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how easy is it to sharpen global knives

post #1 of 9
Thread Starter 
I have a set of Fujiwara Carbon Steel knives that sharpen up very easy. However, I love the feel of global knives in my hands. I would love to buy some but not if they are are chore to sharpen. I know they will not sharpen up as easy as my carbon knives but what has been your experience with sharpening global knives?
post #2 of 9
A lot depends on how you sharpen.  So... How do you sharpen?

You're right in thinking Globals won't sharpen as well or as quickly as your Fujiwaras.  However, in the greater scheme of things they actually sharpen fairly easily and fairly well.  Considering the amount of chromium in their "CroMoVa18 alloy, that's fair to partly amazing.  

In terms of edge taking characteristics, Globals are a lot like high-end German knives.  In fact, you can even sharpen them effectively on western style "oilstones" (don't use oil!),  including tri-hones and Arkansas stones.  But, a decent set of waterstones will make things go much quicker. 

Bottom line:  If you have a decent kit and are reasonably proficient with it, Globals are not a problem.

BDL
Edited by boar_d_laze - 2/17/10 at 10:52am
post #3 of 9
Thread Starter 
Quote:
Originally Posted by boar_d_laze View Post



How were you planning on sharpening?

BDL

I use a spyderco sharpmaker for all my knives
post #4 of 9
The Sharpmaker is one of the two or three best "V" stick sharpners available.  But, as with the others, speed and ultimate sharpness are limited.  You mght say that it takes a lot of strokes to get to that limit.  I'd expect a Global to require about 30% to 50% more strokes to attain max sharpness which would be not quite the same level of almost-sharpness you get with your Fujiwaras.   

BDL
post #5 of 9
i think global sells their own wetstones and guide for sharpening to ensure proper angle, so it seems pretty easy...

sharpening is $3 per knife at my local resturant supply store
post #6 of 9
Ease of sharpening has more to do with your ability first. equipment secondarily and knife tertiarilly. That said, as one and two are constants in this mix for you, you'll find the globals take more strokes initially to get the edge you want. Working the knife lightly and regularly (every week or two depending on usage) on the flats of the white stone will keep the edge in good shape without too much effort. You'll occasionally need to do more than that.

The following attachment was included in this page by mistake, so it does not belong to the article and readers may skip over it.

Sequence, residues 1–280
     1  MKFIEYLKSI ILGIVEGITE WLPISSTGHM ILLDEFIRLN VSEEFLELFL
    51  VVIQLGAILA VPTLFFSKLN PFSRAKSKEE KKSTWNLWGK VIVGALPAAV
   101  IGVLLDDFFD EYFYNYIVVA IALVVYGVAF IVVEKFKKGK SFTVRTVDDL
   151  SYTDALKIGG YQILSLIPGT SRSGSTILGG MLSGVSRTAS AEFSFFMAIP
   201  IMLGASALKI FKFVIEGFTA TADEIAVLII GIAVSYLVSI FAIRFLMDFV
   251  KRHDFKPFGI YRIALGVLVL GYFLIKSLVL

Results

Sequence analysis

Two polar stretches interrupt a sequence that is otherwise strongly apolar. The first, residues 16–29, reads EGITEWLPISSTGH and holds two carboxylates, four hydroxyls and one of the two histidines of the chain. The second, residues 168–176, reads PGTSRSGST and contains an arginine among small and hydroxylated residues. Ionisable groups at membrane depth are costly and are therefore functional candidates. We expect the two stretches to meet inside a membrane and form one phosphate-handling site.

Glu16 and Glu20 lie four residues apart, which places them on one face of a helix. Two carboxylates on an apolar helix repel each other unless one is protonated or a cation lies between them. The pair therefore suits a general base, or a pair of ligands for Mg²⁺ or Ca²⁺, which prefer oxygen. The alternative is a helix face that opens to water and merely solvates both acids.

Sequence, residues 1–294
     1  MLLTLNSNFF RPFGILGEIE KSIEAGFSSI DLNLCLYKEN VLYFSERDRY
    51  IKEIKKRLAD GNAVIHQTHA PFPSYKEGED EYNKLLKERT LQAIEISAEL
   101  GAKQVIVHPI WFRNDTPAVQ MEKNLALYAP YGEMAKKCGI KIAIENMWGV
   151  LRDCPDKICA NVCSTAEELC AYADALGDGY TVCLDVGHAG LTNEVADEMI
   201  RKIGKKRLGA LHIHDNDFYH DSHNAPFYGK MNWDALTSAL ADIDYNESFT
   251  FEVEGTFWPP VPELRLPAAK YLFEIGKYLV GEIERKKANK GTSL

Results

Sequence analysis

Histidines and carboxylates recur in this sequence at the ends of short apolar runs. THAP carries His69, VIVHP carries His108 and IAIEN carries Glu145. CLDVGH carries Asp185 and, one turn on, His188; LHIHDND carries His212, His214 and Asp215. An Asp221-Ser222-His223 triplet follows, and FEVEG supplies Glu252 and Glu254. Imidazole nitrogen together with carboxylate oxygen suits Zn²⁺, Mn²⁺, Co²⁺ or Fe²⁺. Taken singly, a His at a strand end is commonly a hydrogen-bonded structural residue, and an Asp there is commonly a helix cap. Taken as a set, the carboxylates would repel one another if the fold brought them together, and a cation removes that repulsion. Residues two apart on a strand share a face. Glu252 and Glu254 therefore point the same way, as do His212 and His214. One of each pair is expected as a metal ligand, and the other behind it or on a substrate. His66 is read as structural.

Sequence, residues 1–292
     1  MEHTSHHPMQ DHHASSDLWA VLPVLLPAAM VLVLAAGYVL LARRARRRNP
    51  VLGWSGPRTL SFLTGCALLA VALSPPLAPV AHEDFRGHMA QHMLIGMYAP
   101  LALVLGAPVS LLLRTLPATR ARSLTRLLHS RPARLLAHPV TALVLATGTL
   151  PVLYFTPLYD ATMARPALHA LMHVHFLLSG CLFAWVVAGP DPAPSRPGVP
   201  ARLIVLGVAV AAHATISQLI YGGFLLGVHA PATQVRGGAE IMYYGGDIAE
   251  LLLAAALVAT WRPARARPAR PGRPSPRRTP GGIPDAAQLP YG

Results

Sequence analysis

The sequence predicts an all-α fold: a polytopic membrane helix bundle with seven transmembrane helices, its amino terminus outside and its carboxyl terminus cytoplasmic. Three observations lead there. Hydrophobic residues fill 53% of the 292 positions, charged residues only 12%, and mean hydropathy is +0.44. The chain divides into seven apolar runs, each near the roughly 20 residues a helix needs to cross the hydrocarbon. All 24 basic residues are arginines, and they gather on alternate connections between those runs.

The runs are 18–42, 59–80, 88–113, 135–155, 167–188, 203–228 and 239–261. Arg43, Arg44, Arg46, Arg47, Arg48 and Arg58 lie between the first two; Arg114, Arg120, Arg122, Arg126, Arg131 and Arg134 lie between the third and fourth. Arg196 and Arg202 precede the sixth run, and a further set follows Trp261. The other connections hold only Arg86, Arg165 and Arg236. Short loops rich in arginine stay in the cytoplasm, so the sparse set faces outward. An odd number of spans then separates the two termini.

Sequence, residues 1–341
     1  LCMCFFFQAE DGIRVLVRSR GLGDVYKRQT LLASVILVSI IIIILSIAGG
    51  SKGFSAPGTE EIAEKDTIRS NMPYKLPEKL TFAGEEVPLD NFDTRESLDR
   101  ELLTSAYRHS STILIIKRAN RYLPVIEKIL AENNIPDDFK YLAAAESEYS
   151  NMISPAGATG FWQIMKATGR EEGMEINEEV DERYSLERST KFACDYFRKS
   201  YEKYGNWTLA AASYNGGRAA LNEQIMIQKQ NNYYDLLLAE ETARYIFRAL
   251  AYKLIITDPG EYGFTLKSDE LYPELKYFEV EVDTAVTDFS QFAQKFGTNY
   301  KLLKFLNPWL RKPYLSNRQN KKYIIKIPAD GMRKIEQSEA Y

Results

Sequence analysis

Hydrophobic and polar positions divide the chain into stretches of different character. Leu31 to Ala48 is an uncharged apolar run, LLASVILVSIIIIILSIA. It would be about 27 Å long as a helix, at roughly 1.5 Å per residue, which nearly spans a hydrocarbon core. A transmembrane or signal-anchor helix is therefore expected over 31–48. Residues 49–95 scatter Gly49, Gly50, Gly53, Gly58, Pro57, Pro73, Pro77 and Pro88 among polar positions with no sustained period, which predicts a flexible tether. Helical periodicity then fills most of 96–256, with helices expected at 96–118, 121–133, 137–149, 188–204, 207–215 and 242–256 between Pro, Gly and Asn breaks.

One nice thing about the sharpmaker is you can clean out the swarf by sticking the stones in the dishwasher.
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post #7 of 9
Thread Starter 
Quote:
Originally Posted by boar_d_laze View Post

The Sharpmaker is one of the two or three best "V" stick sharpners available.  But, as with the others, speed and ultimate sharpness are limited.  You mght say that it takes a lot of strokes to get to that limit.  I'd expect a Global to require about 30% to 50% more strokes to attain max sharpness which would be not quite the same level of almost-sharpness you get with your Fujiwaras.   

BDL


Are you saying there is a sharpener that can sharpen my knives faster and sharper than the sharpmaker? Please let me know, I am very interested in knowing
post #8 of 9
Good bench stones would take you much sharper, if you learn the skills to use them.  

An Edge Pro Apex would be much better as well, with a much easier learning curve than stones.

A Chef's Choice electric machine would be somewhat better, significantly easer and faster too. 

Other jig and tool, "rod-guide" sets like the Lasky, with the right set of hones, are better than a Sharpmaker -- although they cannot match an Edge Pro system.

There are limits to how sharp a Sharpmaker can take a knife, and they're pretty severe.  In addition, because of the size of the rods it's rather awkward for longer knives.  As good a "V" stick as the Sharpmaker is,  the large Idahone works better for kitchen knives.

A little more about Chef's Choice: Not all electric sharpeners are created equal.  Chef's Choice machines actually work and will not do damage to your knives.  They make machines with a 15* bevel which is appropriate for almost all asian manufactured knives -- including Fujiwara and Global. 

A little more about the Edge Pro Apex:
  Given that you're the sort of person who doesn't mind the time and inconvenience of a Sharpmaker, you'd probably be most comfortable with an Edge Pro -- not to mention the oustanding results you'd get.  Twice as good for just as much trouble and three times the price.  How can you beat that?

If a Sharpmaker is the standard against which you measure sharpness, you'll find actual sharpness an entirely different universe. 

BDL
post #9 of 9
Global knives are not difficult to sharpen providing you have a good 'sharpener', definitely sharpen them at a lower angle than 45degrees, if it's your first time at owning and sharpening Global knives it might be a good idea to invest in some 'Guides' to begin with.
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